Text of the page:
Thai restaurants turn up heat for festivalKoreans may like peppers, but it took a while for Thai restaurants to find a following in Seoul.
Now, Siamese food is hot -- literally and figuratively -- with numerous restaurants operating in the capital.
Five of the city's Thai restaurateurs have banded together to present a 2002 Thai Food Festival to demonstrate the breadth of their cuisine. The promotion runs through the end of this month, with each participant offering discounts or free wine.
The five restaurants are the Thai Orchid (02-792-8836), Silk Spice (02-2005-1007), Marriott Cafe (02-6282-6731), Chiang Mai (02-541-2446) and Chiang Mai Finance Center (02-3783-0770). Each eatery is also offering diners a chance to win a three-day trip to Thailand in mid-October.
Thai food was generally considered too exotic for Seoul residents' tastes when the first restaurant opened in 1996. It took time for people to embrace such tropical ingredients as coconut milk, lime and the herbal richness of cumin, lemongrass, coriander and basil.
But well-traveled local epicures and trained tastes from abroad have spread the word. People are learning that the best Thai food runs a gamut of flavors -- sweet, salty, sour, spicy and bitter -- and that the majority of the dishes are not five-alarm curries.
Seoul residents' latter-day addiction to Thai food can be explained by its Pan-Asian influence; the food reflects Chinese, Japanese, Malaysian and Indian cuisine.
Like many Chinese dishes, Thai food often is stir-fried in a wok. Like Japanese food, it makes liberal use of fresh fish and vegetables, and is extremely light. Like Malaysian food, its curries can be sweet and creamy, using such tropical ingredients as coconut and pineapple. Like Indian food, it's all about spices, in different colors and tastes. Like almost any Asian cuisine, a meal is not complete without steamed rice and soup, not to mention dipping sauces on the side.
Thai food is a visually pleasing cuisine, and the best chefs often prepare dishes with hand-carved fruits and vegetables.
Thai ingredients are not always available in Korea, so many restaurants substitute lemons for limes and Korean peppers for the tiny Thai peppers. Nevertheless, they produce a fairly authentic selection of foods, including traditional tom yam kung (spicy prawn soup with lemongrass), pad thai (fried rice noodles) and curry dishes.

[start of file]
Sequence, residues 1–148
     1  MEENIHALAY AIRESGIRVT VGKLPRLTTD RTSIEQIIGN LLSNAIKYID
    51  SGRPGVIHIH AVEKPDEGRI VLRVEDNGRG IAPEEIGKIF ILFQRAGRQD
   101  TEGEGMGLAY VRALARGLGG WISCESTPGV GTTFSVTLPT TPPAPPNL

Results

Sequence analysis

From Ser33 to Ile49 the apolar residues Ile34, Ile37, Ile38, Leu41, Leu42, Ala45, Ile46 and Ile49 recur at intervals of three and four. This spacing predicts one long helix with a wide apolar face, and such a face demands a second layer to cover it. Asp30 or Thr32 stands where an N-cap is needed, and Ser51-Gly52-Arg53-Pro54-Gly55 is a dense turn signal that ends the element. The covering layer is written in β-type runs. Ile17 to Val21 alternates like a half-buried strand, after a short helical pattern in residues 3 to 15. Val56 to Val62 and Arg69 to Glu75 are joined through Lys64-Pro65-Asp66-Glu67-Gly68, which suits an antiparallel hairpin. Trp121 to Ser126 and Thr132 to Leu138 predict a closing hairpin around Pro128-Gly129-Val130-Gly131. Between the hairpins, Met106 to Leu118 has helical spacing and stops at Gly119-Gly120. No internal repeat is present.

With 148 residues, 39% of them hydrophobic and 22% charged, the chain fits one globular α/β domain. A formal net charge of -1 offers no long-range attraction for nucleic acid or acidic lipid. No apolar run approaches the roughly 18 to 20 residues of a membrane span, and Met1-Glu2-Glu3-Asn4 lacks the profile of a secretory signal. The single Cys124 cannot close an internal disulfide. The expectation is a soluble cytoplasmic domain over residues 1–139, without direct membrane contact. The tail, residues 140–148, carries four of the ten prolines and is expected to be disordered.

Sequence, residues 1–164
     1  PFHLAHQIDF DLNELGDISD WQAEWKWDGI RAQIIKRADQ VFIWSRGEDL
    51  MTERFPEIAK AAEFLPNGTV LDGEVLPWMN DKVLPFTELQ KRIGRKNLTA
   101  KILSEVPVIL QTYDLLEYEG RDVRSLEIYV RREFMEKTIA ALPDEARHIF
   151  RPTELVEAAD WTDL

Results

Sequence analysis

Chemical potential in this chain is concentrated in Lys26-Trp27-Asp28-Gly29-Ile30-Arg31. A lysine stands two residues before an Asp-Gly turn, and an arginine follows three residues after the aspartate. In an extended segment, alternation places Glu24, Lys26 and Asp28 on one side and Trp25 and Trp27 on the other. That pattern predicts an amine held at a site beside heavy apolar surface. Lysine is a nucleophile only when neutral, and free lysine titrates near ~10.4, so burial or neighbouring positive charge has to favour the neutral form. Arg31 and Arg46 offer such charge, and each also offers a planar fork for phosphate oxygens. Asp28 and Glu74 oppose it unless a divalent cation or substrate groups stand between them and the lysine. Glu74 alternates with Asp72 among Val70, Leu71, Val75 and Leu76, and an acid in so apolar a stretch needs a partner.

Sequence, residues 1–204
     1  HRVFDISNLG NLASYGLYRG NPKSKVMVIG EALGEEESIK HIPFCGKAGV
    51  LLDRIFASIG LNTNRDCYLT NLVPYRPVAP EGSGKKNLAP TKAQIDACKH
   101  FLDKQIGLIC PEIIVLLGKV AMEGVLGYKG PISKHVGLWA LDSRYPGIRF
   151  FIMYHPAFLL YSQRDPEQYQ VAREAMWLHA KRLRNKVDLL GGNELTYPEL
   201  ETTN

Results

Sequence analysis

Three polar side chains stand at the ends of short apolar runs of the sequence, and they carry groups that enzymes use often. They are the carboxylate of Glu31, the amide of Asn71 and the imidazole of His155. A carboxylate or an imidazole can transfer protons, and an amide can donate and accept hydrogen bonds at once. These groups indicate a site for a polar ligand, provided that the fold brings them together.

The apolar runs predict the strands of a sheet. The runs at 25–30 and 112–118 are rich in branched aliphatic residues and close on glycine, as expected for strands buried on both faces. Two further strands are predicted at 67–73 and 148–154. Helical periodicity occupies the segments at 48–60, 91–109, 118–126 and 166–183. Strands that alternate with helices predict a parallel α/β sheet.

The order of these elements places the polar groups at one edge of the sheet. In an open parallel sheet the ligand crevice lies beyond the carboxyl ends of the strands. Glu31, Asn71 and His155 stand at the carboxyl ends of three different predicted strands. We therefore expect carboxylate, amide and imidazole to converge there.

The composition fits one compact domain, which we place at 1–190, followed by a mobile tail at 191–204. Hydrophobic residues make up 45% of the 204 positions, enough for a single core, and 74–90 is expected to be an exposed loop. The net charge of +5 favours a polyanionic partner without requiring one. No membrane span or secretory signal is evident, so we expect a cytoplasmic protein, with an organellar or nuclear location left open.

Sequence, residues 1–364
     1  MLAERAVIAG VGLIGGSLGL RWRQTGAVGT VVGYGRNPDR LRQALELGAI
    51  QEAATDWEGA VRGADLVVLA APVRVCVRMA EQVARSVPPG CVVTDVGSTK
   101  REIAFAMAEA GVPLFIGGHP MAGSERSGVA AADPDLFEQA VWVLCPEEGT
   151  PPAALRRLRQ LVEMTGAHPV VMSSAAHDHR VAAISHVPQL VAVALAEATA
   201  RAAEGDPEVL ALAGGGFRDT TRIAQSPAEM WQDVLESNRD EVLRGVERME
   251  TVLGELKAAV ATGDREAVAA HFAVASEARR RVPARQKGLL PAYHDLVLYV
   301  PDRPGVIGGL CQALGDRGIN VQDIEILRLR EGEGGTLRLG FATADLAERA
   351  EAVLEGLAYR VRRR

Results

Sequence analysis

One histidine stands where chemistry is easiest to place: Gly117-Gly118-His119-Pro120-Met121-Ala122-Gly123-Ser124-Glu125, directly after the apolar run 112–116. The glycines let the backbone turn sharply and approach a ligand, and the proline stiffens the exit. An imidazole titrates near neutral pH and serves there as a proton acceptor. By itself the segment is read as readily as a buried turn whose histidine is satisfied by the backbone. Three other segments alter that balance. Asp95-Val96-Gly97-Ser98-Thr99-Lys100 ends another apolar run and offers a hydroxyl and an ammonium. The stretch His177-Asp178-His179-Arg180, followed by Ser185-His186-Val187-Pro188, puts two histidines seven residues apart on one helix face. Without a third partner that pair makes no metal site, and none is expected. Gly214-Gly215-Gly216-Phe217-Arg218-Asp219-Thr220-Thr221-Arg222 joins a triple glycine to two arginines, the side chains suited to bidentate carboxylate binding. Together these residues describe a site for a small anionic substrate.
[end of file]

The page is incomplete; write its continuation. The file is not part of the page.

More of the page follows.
For more information, e-mail the Tourism Authority of Thailand, Seoul Office at firstname.lastname@example.org.
The correct way to order, eat and enjoy Thai food
-- Thai food is prepared bite-sized and is meant to be eaten with a spoon and fork. The fork is used for pushing the food onto the spoon, and then the spoon is inserted into the mouth. Chopsticks are rarely used except for noodle dishes.
-- All the meat and vegetable dishes are served at once. A typical Thai meal includes a soup, a steamed dish, a fried dish, a hot salad and various dipping sauces. These are followed by sweet desserts or fresh tropical fruits such as mangoes, durian, jackfruit, papaya, grapes, melon and mangosteen.
-- Eating Thai food is a communal affair involving two or more people so more dishes can be ordered. Generally, two diners order three dishes and share them with plenty of rice.
-- For lighter meals, or if eating alone, a good choice is simply soup and rice, or a single dish such as pad thai or a rice stir fry.
-- The ideal Thai meal is a harmonious balance of spicy, sweet, sour, salty and bitter. Many Seoul restaurants use a "chili indicator" which gives diners some indication as to the "temperature" of the food: hot, hotter, hottest. Several Thai foods are chili-free; mild and savory dishes should be ordered with hot dishes to provide a variety of tastes.
-- If possible, look for Thai food made with kaffir lime -- a pear-shaped, wrinkly fruit -- or ordinary lime and the popular capsicum or a variety of Thai peppers. The best Thai rice is called jasmine rice, and it has a rich, perfumed aroma when freshly cooked.
-- Sweetened lime juice is a scarcity in Korea, but try Thai ice tea -- an herbal tea usually served with sweetened condensed milk. The tea should have a mild fragrance and taste both sweet and bitter. Wine lovers can try white or rose wine to complement Thai dishes.
by Inēs Cho